The Architecture Analysis and Design Language (AADL) is an architecture description language (ADL) that has been developed under the auspices of the International Society of Automotive Engineers (SAE), Avionics Systems Division (ASD) Embedded Computing Systems Committee (AS-2). The AADL was approved as an SAE standard in the fall of 2004.

The language has been defined to provide a consistent and concise notation, both textual and graphical, to be used to develop models of complex, real-time, critical systems such as those used in automotive, avionics, medical, robotic, and space-based systems. The AADL provides the notation to perform various types of analysis of the complex critical systems. In the early stages of design, the AADL enables the definition of the preliminary connectivity between application and execution platform components. As an AADL model is developed, additional components and properties are specified. The properties are the basis of information provided for analysis tools to determine the behavior and performance of the system being modeled. The AADL has been designed to facilitate the development of tools that provide automatic code generation of the system both in terms of the application software components and the underlying execution environment. The AADL may be further used to verify an actual system against the specified model. With automatic code generation, the AADL offers a system model that maintains significant information about a system that is useful throughout the lifetime of the system. Thus, the AADL offers support for all stages of system development.

Monday Morning Tutorials (8:30am - 12:00 noon)

MA1: Real-time and Parallel Processing in Ada 95
Eugene W.P. Bingue, David A. Cook

Level - Intermediate. This tutorial assumes basic knowledge or experience with the Ada programming language.

This tutorial covers two of the major problems with parallel and real-time programming - time management and storage management. Parallel processing, whether on single-processor machines or multiple processors, has many pitfalls. We will examine these potential pitfalls, and discuss ways to avoid common problems, such as deadlocks and race conditions. We will also discuss how to write code that efficiently passes data with other parallel processes. The basics of parallel processing are covered, leading to a discussion and examples using Ada tasking. In addition, the Ada Real-Time Systems Annex is also covered.

MA2: Microsoft Solutions Framework and the Microsoft Operations Framework
Rick Conn

Level - Beginner. This tutorial compares and contrasts three different approaches to improve the reliability of software-intensive products. The approaches covered by this paper are:

(1) the Microsoft Solutions Framework and Trustworthy Computing,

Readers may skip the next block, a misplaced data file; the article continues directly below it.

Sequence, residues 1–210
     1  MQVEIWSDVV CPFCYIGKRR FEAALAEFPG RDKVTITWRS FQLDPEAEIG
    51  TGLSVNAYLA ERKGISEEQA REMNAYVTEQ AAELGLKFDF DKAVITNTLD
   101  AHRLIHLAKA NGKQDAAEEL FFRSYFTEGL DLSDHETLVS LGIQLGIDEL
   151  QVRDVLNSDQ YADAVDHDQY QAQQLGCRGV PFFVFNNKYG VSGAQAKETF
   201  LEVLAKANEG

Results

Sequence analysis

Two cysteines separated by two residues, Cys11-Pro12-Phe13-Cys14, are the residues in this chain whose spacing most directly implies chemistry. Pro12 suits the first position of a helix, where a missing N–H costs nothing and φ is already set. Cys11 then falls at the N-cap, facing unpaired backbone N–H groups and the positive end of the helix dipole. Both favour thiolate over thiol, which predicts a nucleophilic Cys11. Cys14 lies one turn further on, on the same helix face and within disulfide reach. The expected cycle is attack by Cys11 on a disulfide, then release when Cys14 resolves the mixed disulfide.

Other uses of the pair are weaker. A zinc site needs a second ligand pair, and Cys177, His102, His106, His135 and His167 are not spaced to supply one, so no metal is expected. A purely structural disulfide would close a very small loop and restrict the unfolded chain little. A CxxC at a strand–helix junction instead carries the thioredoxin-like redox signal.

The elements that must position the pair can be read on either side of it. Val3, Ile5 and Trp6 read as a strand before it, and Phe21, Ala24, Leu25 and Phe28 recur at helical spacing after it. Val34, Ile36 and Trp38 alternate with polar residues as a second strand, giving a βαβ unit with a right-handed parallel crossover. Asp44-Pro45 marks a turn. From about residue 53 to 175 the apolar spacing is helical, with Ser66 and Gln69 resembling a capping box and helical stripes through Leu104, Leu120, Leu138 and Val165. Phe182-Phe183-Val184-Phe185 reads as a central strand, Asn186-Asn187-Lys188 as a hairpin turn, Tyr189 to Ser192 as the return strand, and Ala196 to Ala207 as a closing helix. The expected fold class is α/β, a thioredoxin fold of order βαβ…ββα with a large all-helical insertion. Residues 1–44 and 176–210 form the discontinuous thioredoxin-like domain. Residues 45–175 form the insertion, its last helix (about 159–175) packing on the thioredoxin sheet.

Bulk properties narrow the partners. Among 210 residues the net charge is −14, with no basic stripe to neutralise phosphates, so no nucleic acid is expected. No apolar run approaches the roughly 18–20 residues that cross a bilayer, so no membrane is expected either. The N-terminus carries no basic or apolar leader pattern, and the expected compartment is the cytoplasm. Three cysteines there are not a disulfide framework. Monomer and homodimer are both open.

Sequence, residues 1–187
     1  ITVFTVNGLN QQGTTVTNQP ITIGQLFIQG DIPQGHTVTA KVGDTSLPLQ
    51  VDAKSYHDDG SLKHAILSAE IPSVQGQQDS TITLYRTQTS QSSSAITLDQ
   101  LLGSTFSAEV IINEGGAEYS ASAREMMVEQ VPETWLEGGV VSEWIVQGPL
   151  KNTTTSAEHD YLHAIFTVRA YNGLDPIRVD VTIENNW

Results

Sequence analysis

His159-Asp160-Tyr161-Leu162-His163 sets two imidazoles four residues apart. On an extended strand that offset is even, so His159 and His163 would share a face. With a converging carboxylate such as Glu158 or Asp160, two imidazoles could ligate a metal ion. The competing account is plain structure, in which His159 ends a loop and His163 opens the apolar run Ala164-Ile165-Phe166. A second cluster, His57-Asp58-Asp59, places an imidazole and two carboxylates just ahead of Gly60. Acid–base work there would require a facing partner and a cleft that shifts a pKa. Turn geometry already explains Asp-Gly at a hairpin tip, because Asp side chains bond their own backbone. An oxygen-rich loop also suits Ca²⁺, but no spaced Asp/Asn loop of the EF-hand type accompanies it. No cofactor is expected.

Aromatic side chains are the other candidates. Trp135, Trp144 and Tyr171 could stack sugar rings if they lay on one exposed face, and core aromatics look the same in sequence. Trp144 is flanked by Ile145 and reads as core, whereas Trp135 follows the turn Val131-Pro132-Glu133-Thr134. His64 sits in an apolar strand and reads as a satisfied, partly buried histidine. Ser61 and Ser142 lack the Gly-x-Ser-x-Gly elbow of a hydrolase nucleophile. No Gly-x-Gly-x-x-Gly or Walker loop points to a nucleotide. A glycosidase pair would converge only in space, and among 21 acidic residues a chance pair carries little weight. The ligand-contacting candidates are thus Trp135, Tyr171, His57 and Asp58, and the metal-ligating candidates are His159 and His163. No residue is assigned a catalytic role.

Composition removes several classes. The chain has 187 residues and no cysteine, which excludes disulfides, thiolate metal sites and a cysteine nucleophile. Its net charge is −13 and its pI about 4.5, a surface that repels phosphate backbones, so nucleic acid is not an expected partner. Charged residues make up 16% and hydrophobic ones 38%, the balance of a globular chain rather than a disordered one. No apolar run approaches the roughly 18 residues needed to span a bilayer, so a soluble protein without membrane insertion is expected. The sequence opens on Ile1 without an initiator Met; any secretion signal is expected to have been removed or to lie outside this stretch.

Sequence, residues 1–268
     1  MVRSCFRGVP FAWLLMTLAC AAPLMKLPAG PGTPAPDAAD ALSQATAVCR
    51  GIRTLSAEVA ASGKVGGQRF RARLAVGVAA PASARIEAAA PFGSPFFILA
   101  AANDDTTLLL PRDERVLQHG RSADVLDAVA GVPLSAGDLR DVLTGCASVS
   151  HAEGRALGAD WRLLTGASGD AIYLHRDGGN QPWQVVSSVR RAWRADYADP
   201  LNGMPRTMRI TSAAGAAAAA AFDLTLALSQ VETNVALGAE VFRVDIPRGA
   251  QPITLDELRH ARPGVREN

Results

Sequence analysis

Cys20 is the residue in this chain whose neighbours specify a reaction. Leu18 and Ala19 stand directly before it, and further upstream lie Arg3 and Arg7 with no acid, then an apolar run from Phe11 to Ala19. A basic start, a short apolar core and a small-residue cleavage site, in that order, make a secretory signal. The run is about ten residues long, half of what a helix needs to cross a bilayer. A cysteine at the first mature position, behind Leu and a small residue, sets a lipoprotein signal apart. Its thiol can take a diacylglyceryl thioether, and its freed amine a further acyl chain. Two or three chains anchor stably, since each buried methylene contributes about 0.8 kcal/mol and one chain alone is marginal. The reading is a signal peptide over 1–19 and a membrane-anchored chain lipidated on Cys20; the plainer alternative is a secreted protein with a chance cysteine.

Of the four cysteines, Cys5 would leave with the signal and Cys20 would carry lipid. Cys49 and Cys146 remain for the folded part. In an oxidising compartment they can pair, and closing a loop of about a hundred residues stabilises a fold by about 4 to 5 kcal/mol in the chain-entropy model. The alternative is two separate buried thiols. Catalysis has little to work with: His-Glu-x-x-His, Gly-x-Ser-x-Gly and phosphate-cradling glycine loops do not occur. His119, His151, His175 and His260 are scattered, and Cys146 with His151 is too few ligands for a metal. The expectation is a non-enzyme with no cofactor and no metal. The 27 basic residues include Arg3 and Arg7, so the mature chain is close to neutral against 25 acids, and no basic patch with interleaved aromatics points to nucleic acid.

(2) the Software Engineering Institute's Capability Maturity Models, the Team Software Process, and the Personal Software Process, and

(3) Extreme Programming.

These approaches have emerged over time from several different sources (Microsoft, the Software Engineering Institute, and the Extreme Programming community) driven by different needs and requirements in different application domains and different development and user cultures. There are many similarities to these approaches - primary of which is the fundamental need to produce reliable software products that provide a useful, often vital, function in the real world. This tutorial provides brief overviews of each approach, comparing and contrasting these approaches. It will also discuss how Ada fits into each of the approaches. In addition, each attendee will be provided with a CD containing the white papers and other documentation on the various frameworks.

Monday Afternoon Tutorials (1:30 - 5:00pm)

MP1: High-integrity Ravenscar Using SPARK
Brian Dobbing

Level - Intermediate. This tutorial would be suitable for those with an interest in using the Ravenscar Profile in a high integrity system that requires static verification of deterministic and error-free behavior. The tutorial assumes a reasonable but not expert knowledge of sequential SPARK. Suitable preparation could include:

1. Attendance at a previous one-day SPARK tutorial or full 4-day SPARK course.

2. Use of SPARK on a project.

3. Reading "High Integrity Software - the SPARK approach" by John Barnes, and experimenting with its demo tools.

SPARK is a well-established, unambiguous and fully-analyzable annotated subset of Ada. In its original form SPARK excluded all forms of concurrency because weaknesses in the Ada tasking model made it incompatible with the design goals of SPARK. The advent of the Ravenscar Profile has provided an opportunity to extend SPARK to include concurrency and to enable the SPARK Examiner to analyze concurrent programs.

The tutorial will describe the way SPARK has been extended to include the Ravenscar Profile and how static analysis techniques can eliminate all of the erroneous behavior, bounded errors and implementation- defined behavior that remain in the concurrency model defined by the Profile.

MP2: A#: Programming PDAs and .NET devices with Ada
Martin Carlisle

Level - Intermediate. Attendees should be familiar with Ada 95. Preferable to have a basic knowledge of C# or Java.

This tutorial describes A#, an Ada environment for programming the Windows .NET and .NET Compact Frameworks. Attendees will learn how to create Ada applications that take advantage of the rich set of libraries available with the .NET Framework, and also how to deploy Ada applications onto PDAs using the .NET Compact Framework.

Attendees will also learn how to create multilanguage applications combining both C# and Ada. In particular, attendees will learn how to create a user-interface with Visual Studio .NET, and use Ada for the computation behind this interface.

This tutorial will be very hands-on. Attendees should bring laptop computers on which A# will be installed.

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last updated 10 November 2004 - cgr